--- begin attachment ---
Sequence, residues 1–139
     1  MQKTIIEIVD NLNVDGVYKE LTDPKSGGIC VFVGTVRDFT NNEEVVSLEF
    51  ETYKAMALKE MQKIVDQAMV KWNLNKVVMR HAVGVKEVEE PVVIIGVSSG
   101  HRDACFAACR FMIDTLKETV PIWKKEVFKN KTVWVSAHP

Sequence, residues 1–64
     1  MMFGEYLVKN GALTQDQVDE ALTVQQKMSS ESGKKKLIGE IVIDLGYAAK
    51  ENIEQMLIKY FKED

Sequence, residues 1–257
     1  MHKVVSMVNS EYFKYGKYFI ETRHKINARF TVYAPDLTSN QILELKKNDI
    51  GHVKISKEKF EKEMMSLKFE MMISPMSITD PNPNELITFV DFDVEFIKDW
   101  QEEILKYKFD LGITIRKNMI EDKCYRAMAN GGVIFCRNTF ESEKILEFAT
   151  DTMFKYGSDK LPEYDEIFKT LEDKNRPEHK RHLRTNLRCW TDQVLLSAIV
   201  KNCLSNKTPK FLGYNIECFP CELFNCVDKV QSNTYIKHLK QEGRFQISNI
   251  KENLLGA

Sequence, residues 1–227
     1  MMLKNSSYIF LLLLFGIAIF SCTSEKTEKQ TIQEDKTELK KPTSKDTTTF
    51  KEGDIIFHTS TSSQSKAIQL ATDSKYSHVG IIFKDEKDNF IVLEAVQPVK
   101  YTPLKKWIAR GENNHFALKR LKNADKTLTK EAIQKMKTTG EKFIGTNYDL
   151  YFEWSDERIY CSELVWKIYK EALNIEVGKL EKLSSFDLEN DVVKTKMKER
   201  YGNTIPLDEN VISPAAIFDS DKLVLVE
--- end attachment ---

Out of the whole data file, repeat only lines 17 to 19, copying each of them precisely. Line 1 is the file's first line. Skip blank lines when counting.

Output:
    51  KEGDIIFHTS TSSQSKAIQL ATDSKYSHVG IIFKDEKDNF IVLEAVQPVK
   101  YTPLKKWIAR GENNHFALKR LKNADKTLTK EAIQKMKTTG EKFIGTNYDL
   151  YFEWSDERIY CSELVWKIYK EALNIEVGKL EKLSSFDLEN DVVKTKMKER